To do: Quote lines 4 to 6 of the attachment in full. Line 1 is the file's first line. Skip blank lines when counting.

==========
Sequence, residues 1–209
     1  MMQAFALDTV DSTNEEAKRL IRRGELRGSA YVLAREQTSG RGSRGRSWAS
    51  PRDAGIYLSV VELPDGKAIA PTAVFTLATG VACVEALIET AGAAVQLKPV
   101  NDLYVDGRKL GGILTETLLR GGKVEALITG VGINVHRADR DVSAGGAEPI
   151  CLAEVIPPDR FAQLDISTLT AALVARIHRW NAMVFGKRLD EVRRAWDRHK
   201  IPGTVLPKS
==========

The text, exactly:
   101  NDLYVDGRKL GGILTETLLR GGKVEALITG VGINVHRADR DVSAGGAEPI
   151  CLAEVIPPDR FAQLDISTLT AALVARIHRW NAMVFGKRLD EVRRAWDRHK
   201  IPGTVLPKS